And we made it home safely.

The end.***

Oh, and the picture of Chalcy with something in her mouth is from when we gave her pieces of ice from the cooler and she ate them.

Oh, and the other funny thing was, at 5 am on Sunday, we discovered the largest size of doggie diapers didn't fit Chalcy. So we had to use duct tape to re-size a diaper by extending its velcro attacher-things. You can see it in the picture.

* Except our chickens. Ugh.
** Except now we have Mt. Emily in the garage. Sigh.
*** Except for the story about the worms.

Sunday, December 12, 2010

Learn About Steaks: T-Bone!

Is anyone interested in learning about different types of steak with us?

I was thinking it might be fun to share some of our adventures as J and I learn about different types of steak. The thing is, J and I tend to buy ground beef, or cubed steak (plus one time I bought chili ground beef, and once or twice I've bought roasts). So we're not fancy at all when it comes to nice steak. Not yet.

So far we've tried ground beef (which we added to our pasta sauce), a chuck roast, and just now I cooked some T-Bone steaks.

Each time we try something new, I learn how to cook it properly. As we eat, we discuss what part of the cow the meat comes from.* (Most delicious anatomy class ever!)

Today we learned about T-Bone steaks. J guessed that they came from a vertebrae...and he was right! The curve in the bone at the middle of the top of the T is the round part of the vertebrae.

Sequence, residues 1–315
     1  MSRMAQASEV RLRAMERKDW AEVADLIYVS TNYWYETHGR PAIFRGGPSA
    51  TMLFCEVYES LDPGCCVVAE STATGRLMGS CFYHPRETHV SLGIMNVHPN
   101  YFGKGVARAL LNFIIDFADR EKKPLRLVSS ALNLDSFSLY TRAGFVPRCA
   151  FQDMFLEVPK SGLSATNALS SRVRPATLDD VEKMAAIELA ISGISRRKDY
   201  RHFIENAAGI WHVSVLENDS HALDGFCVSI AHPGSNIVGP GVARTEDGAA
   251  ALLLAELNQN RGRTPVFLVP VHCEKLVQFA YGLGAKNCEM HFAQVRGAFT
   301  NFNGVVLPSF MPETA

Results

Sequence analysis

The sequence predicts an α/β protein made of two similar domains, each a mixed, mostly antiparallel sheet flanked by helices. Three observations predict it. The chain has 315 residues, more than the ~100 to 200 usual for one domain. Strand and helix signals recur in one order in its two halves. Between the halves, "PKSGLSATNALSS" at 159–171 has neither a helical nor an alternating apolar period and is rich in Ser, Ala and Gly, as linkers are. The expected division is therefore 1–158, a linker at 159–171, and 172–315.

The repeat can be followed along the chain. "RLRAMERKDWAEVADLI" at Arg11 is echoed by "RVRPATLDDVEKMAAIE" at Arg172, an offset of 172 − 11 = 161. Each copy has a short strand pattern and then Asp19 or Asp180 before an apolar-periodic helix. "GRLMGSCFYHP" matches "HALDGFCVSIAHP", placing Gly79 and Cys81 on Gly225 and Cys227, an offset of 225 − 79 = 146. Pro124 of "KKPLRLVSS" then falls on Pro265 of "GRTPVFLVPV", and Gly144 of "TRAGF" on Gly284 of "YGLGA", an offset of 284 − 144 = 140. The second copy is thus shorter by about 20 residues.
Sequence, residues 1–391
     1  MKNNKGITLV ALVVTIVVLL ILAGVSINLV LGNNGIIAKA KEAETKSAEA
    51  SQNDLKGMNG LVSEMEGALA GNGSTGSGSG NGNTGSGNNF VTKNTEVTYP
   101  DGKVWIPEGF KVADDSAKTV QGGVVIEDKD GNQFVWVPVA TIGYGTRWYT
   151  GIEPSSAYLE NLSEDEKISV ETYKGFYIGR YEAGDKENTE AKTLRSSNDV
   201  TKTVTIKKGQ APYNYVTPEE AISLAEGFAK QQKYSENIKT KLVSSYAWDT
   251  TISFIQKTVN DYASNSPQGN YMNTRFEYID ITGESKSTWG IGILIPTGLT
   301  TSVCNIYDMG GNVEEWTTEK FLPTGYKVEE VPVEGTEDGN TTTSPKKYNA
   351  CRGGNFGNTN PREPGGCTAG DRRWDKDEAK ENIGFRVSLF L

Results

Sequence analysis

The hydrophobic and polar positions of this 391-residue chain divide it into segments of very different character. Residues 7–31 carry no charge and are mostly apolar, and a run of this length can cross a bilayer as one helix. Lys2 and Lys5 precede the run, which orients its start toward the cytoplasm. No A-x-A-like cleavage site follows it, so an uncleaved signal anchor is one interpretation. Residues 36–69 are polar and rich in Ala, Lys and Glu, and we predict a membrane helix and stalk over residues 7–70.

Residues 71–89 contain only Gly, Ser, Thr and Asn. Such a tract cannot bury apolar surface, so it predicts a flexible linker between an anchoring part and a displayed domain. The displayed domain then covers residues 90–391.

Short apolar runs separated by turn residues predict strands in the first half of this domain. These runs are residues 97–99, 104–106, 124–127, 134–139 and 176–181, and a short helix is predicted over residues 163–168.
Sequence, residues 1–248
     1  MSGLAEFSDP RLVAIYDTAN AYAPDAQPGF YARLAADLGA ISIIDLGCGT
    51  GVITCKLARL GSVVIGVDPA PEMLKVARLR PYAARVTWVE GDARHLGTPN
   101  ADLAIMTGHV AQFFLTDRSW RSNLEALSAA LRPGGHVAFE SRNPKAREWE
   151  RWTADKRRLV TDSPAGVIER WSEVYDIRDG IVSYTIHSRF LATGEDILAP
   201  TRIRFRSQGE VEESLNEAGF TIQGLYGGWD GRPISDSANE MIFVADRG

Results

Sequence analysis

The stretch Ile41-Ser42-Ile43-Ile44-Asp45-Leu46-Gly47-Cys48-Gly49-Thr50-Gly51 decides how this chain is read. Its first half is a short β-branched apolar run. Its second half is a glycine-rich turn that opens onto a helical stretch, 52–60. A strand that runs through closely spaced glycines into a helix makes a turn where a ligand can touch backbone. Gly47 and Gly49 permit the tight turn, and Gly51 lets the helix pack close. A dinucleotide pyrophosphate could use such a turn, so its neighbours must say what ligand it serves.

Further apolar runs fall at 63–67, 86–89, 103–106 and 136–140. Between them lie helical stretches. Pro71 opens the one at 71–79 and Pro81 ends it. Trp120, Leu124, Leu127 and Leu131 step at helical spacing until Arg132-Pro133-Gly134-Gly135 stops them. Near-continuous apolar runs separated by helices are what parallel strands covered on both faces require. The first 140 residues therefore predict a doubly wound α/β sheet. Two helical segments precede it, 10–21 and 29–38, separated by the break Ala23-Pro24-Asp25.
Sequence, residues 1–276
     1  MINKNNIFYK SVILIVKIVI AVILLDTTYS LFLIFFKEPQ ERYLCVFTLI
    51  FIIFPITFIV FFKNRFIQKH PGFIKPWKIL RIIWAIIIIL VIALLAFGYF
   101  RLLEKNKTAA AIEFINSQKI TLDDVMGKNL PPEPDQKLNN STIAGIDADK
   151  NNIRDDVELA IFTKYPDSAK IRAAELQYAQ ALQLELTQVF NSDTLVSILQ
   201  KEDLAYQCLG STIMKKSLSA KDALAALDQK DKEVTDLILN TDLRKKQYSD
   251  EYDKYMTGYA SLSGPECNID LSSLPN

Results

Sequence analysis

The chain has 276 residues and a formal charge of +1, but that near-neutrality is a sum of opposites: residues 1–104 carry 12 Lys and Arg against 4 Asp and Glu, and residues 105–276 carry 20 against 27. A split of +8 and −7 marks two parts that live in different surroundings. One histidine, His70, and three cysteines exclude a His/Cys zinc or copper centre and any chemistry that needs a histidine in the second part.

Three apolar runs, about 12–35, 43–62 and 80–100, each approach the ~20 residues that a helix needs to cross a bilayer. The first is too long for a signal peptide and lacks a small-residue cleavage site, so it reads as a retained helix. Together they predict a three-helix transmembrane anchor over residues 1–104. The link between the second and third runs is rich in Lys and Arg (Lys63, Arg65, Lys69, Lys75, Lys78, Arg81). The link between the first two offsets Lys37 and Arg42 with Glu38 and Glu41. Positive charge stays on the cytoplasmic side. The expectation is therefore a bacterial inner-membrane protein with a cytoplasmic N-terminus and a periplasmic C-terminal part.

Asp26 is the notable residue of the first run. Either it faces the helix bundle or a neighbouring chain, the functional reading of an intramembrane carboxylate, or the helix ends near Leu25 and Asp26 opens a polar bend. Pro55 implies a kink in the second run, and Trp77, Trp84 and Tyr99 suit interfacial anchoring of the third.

T-Bone steaks are especially fancy because the meat on the different sides of the T are both desirable ones. The larger side of meat comes from the "short loin" and the smaller side comes from the "tenderloin**." Both the short loin and the tenderloin are on the sides of cows, just after the ribs.

When you cook T-Bone steaks, you're supposed to cook them dry, so your main options are to grilling and broiling. You don't have to worry about tenderizing these; they're already tender.

I decided to follow a recipe on the Food Network website. It was way easier than I thought it would be. You heat a little bit of oil in a pan. Salt and pepper your steaks. Put the steaks in your pan, and brown each side (it takes about 4 minutes for each side). Then, move them into a preheated 450 degree oven.*** Cook them until a thermometer reads 120 degrees. (They say 6-8 minutes for a medium-rare steak. I cooked mine for about 10-12 minutes for pretty well-done steaks.) Then take them out and let them cool 10 minutes and cut them off of the bone. (I omitted this step, and J and I each cut our own steaks off of the bones, because it wouldn't have felt like T-Bone steaks if I had pre-cut them. And it would have made them look much smaller.)